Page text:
One reason for this may be that Google is effectively taking out low-quality sites. (Obvious statement of the year award, here I come!) The thing is, we often think about this in terms of Google trying to increase the quality of their SERPs, and what that means for how we position our websites.
It’s a bit of a tricky proposition, but what it could also mean is that while Panda and Penguin can be seen, in some instances, as destructive updates, Google could actually be making our businesses more valuable.

Short-Term Drops Lead to Long-Term Gains

When a market overvaluation is discovered, a subsequent result may be a stock market correction. The market declines 10 to 20 percent, people lose money, and then the market slowly rights itself, regaining what was lost, and then some.
A similar phenomena takes place quite often when a new Google algorithm update is announced. Some sites may drop a few spots in the SERPs, while others nearly drop off altogether. As time passes, and both the intentions and the true effects of the update come to light, the SERPs adjust, and many sites regain at least a bit of their footing.
I’ve seen the same thing happening with online businesses in the wake of Panda and Penguin.
The short-term effect of these updates has been to actually reduce the value of some businesses as buyers see online business as being risky (read: subject to the whims of Google). But upon closer inspection, I find that what Google has effectively eliminated from their SERPs are the “websites that make a quick buck” as opposed to the “online businesses.” A main difference is, online businesses typically have profiles that lend themselves to more stability, which is a positive feature for buyers.

Good Ol’ Supply and Demand

By eliminating thin content sites, Google has effectively reduced the supply of sites for sale. This, in turn, will put upward pressure on the higher-quality sites. Couple that with the fact that these updates are forcing website owners to turn their money-making websites into something that looks more like a business with a lower-risk profile, and the possible results are higher valuations. There’s no denying these updates hurt a lot of people, some of whom were collateral damage or simply following bad advice (that also just happened to be the wisdom of the day). But if you survived these updates, congratulations! Your site is now more valuable.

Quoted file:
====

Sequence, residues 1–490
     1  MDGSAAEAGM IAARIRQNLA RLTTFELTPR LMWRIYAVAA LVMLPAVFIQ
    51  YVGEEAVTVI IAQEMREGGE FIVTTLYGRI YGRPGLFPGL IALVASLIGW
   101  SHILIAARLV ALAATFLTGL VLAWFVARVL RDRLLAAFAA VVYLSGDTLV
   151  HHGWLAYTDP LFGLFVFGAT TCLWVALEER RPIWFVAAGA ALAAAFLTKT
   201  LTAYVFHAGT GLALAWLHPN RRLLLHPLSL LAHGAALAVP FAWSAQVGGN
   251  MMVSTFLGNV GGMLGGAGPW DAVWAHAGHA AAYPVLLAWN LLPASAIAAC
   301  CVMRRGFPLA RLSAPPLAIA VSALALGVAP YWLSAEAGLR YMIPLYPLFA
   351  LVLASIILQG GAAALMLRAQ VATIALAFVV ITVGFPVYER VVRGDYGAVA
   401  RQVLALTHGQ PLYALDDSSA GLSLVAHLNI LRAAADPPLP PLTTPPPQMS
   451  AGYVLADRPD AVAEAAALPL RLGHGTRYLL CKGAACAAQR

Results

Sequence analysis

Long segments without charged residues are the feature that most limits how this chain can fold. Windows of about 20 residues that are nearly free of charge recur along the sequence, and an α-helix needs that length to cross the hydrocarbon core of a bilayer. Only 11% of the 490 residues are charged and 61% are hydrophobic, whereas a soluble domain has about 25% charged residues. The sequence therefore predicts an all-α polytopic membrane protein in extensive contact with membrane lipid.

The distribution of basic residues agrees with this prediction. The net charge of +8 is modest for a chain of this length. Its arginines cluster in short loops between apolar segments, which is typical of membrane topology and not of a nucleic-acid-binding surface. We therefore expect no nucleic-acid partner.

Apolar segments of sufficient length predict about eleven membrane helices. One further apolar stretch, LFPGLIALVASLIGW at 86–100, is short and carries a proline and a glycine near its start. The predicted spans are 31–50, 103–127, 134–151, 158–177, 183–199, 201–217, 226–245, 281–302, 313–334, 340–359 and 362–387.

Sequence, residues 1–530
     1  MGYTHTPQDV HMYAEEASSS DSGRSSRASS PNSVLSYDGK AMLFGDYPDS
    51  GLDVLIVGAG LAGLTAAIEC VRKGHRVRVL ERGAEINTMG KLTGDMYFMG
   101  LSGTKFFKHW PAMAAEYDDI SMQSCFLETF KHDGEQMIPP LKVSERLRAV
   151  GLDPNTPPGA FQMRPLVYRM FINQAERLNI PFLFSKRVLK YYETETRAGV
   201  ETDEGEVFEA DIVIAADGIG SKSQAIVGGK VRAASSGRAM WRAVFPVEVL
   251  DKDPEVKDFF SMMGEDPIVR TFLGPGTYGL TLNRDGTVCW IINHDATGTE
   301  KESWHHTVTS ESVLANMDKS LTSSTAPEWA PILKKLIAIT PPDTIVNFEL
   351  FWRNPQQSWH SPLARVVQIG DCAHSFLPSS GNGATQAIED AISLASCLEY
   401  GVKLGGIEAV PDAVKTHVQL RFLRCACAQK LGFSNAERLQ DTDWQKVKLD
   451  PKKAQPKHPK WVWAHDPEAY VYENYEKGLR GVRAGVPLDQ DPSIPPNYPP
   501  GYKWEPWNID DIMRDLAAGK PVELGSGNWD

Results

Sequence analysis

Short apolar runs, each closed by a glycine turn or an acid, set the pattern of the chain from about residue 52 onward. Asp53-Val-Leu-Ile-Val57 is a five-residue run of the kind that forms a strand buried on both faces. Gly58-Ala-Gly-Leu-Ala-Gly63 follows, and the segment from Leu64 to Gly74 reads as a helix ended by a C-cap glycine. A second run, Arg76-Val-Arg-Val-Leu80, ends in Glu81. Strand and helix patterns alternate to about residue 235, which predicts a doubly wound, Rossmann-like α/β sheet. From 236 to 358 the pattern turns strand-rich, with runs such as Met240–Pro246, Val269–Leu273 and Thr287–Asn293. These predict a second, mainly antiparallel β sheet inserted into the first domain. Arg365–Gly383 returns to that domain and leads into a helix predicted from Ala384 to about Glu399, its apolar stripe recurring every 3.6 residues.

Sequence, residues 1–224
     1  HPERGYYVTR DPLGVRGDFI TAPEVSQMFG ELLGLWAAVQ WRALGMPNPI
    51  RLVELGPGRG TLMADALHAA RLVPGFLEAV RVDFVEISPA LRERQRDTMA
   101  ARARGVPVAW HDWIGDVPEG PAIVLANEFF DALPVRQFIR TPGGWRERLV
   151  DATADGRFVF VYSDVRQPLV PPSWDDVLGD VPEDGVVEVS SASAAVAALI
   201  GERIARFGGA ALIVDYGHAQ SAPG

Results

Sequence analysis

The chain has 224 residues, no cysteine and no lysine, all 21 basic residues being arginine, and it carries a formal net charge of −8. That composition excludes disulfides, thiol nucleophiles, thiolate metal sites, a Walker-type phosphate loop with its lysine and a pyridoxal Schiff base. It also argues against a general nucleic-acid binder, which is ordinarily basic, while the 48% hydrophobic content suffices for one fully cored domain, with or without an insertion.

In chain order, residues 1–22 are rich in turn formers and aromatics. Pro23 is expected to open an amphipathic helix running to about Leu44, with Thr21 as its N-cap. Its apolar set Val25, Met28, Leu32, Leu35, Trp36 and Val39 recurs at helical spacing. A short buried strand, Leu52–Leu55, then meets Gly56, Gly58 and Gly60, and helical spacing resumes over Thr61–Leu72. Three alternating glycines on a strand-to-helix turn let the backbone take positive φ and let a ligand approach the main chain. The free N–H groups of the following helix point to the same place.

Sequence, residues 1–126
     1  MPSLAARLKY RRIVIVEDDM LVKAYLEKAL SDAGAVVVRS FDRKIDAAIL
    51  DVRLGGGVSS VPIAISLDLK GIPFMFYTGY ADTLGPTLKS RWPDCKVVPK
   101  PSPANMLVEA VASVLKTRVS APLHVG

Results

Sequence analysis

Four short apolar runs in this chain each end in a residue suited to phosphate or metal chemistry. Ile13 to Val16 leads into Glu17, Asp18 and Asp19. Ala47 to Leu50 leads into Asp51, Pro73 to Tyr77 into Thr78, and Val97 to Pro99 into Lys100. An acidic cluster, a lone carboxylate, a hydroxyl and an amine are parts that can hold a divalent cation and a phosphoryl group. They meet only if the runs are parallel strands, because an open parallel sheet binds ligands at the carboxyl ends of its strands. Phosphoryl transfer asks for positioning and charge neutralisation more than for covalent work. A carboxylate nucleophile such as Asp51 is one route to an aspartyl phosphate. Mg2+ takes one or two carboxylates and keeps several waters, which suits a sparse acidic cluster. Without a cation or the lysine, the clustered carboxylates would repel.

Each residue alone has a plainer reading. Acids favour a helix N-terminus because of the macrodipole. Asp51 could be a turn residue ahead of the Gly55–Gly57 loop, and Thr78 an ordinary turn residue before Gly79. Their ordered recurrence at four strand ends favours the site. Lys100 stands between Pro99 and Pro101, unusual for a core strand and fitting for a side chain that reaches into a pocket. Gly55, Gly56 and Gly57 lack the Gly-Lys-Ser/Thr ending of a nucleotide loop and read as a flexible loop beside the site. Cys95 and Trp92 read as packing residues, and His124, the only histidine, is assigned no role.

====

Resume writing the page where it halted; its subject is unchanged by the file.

The Downside in Both SERPs and Sales

It’s true that a lot of the people who experienced negative effects of Panda and Penguin were cutting corners. But some of those people never knew those corners were being cut. They were just following the path of the original corner cutters – very loud SEO “experts” who preached some of these tactics, or if they didn’t preach them, they at least practiced them (which is more damning). I definitely think there is a need to be sympathetic to those who were victims of their own ignorance.
In addition, I’m not a fan of the total brand bias Google now seems to have. I think it makes it so difficult for a small startup to get traction without a huge budget. And while this can be good to keep the low-quality businesses and sites out, it’s also sad, as I’m sure many projects simply don’t make it because they have trouble gaining that initial traction against their larger, better-funded competitors.
Not only do those sites have more trouble ranking and competing, they have more trouble building their value to be sold later on, whether that’s an initial goal or not.

High Quality Can Mean a Higher Price

Google will continue to evolve and update its algorithms, and we’ll all just have to roll with the punches. But it’s possible to try to head off any issues by ensuring your site’s content is of high quality, and that your link building efforts are following best practices. Ride out the updates, stay competitive, and you may find yourself able to demand a higher price for your business.

Want to know more visit : www.arinesolutions.com